Staunton, November 15 – Despite its crackdown on the extreme right in Russia itself, the Kremlin is promoting its counterparts in Europe by playing to their xenophobia in the hopes of weakening and dividing countries there, causing Europeans to focus on Muslim migrants rather than Russian aggression, and allowing Moscow to expand its influence, Igor Eidman says.
The immigrant crisis led to a wave of xenophobia, which many people have seen as self-contained and unlikely to grow into something worse, the Russian sociologist says; but that is a self-deception that is leading many to underrate this danger (gordonua.com/blogs/eydman/podderzhka-ultrapravyh-v-evrope-nuzhna-kremlyu-chtoby-destabilizirovat-es-i-oslabit-soprotivlyaemost-zapada-putinskoy-polzuchey-ekspansii-1428061.html).
That danger is of two kinds. On the one hand, hostility to Muslims may spread to others. “For rightwing nationalistically inclined Europeans, the Jews remain outcasts, now all the rhetoric of such people is directed against Muslims, but behind this is xenophobia more generally, that is, hatred to others. And for them the Jews undoubtedly are others.”
And on the other, the anti-Muslim attitudes of the extreme right are being stoked by Russian political leaders and ideologists for Moscow’s political goals, all of which undermine Europe and European values and open the way for Russia to avoid criticism and expand its influence.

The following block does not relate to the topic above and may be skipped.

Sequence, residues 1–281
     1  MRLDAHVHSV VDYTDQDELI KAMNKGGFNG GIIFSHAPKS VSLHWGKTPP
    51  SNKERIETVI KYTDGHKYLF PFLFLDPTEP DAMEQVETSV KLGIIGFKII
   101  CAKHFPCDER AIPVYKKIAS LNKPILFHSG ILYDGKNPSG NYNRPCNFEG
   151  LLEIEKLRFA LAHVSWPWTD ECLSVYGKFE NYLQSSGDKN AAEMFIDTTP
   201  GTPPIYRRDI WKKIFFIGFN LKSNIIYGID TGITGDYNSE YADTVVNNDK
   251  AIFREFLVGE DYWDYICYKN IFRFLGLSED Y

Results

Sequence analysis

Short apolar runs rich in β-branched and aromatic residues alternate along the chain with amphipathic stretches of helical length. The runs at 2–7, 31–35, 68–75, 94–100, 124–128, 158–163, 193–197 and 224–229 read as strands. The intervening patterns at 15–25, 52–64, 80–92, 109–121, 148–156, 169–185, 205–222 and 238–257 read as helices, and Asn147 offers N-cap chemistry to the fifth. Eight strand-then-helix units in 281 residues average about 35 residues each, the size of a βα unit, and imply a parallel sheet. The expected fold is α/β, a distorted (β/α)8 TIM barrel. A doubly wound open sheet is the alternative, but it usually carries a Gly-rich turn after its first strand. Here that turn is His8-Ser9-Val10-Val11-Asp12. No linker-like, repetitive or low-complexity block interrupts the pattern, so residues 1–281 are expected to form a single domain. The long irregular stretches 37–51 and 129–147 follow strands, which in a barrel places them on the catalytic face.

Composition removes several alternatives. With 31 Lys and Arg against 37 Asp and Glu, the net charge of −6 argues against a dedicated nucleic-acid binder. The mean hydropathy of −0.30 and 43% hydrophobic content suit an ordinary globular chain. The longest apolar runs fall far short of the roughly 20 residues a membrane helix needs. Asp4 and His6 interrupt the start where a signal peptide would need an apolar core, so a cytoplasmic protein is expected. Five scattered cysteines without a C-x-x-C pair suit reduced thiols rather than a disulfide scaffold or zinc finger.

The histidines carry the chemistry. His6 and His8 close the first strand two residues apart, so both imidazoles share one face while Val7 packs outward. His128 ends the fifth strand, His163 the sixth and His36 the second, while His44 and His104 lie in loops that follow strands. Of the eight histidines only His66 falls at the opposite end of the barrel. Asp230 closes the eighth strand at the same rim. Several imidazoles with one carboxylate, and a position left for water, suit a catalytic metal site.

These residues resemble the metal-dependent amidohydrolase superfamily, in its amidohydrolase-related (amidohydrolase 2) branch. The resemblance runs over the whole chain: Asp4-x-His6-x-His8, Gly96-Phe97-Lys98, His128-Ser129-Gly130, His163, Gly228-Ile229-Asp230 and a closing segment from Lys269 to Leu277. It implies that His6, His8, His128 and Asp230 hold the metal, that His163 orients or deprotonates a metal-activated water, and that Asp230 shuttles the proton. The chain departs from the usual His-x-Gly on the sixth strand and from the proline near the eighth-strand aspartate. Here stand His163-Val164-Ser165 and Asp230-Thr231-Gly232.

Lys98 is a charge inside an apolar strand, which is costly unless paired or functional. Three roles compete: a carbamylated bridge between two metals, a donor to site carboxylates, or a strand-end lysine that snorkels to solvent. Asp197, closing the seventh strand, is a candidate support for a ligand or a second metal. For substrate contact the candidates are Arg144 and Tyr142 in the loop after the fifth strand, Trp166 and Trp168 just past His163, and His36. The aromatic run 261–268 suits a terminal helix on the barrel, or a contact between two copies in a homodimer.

Russian figures like Orthodox oligarch Konstantin Malofeyev, former transportation minister Vladimir Yakunin and political analyst Aleksandr Dugin, recognizing the role the far right in Europe can play for Russia are even “attempting to create a rightwing international like the communist one,” Eidman continues.
The Kremlin’s interest in the European far right is “pure speculation,” but speculation based on the fact that “the Kremlin needs it in order to destabilize the situation, to split the European Union, and to set people at odds to weaken the resistance of the West to Putin’s creeping expansion.”
It is the Kremlin’s “dream” to create a situation in which Europe would be “so divided and weak and which would forget about the aggression against Ukraine and the annexation of Crimea” to “end sanctions” and “submit itself to the Putin regime.” According to Eidman, xenophobia and far-far right extremism are “the key to the solution of this task for the Kremlin.”